“Deputies from the Tehama County Sheriff’s Office were first on scene and located both shooting victims and confirmed that Francis Gregory was deceased. The surviving male victim was found suffering from gunshot wounds and subsequently airlifted by medical personnel to an area hospital for treatment. As of this morning, the victim is stable and in critical condition.”
In a press release issued at 3 pm, Monday (EST), the Tehama County Sheriff’s office said, “At this time, the surviving male victim’s name is not being released as the Sheriff’s Office is concerned with his safety and security.”
The Tehama County Secret Witness Program is offering up to a $1,500 reward for the arrest and subsequent prosecution and conviction for the suspect(s) involved in this incident.
Red Bluff is about four hours north of San Francisco, by car, and about two hours north of Sacramento.
In an email to The Times, Rich Greene, senior reporter for theRed Bluff Daily News, said the area where the shootings took place has some vehicle burglaries from time to time, but “nothing ever like this.”
He said the trail the men were on is regularly used by hikers and people going to the river to fish. Mr. Greene said that aside from an occasional high profile crime Red Bluff is a small community, “just a rural cow town.”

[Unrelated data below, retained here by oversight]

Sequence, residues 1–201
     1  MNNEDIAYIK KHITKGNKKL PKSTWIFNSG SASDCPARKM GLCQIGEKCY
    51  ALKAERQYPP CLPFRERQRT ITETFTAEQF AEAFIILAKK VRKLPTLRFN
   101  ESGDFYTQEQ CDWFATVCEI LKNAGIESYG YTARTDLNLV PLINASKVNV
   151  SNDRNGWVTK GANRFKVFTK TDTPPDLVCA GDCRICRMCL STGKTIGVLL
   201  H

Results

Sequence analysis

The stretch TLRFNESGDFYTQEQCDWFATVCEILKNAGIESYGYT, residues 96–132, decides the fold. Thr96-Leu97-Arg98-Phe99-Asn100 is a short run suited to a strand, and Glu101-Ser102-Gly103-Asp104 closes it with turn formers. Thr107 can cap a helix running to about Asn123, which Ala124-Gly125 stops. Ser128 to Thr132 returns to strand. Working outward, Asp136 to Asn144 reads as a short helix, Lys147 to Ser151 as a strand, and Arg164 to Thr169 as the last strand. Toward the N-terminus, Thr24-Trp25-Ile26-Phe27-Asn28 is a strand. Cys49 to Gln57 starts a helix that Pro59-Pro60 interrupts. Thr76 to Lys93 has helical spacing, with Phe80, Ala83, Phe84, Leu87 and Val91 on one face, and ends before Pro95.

Red Bluff is a small community of about 14,000 people. Mr. Gregory and his wife, Dorothy, were vacationing, according to friends.
Saturday was intended to be a time of celebration in West Tisbury. The police department had scheduled an open house in the late afternoon to show off the town’s new new police station. Hot dogs and hamburgers were on the grill and the weather was warm and sunny.
But the mood was somber. The official dedication began with a moment of silence and brief remarks by West Tisbury Police sergeant and selectman Jeffrey “Skipper” Manter who described Mr. Gregory as a wonderful caring and giving man.
West Tisbury Police Chief Dan Rossi told The Times he did not know about the murder until people began asking him what he knew about Pat. Chief Rossi said that had he known about the tragedy sooner he would have cancelled the open house. “I don’t remember a sadder, more tragic time for West Tisbury,” he said.
Selectman Cynthia Mitchell, her eyes welling with tears, said, “Our hearts break for his family.”
The news began to circulate around the Island Saturday morning by phone, on the street and social media. The reaction was universal.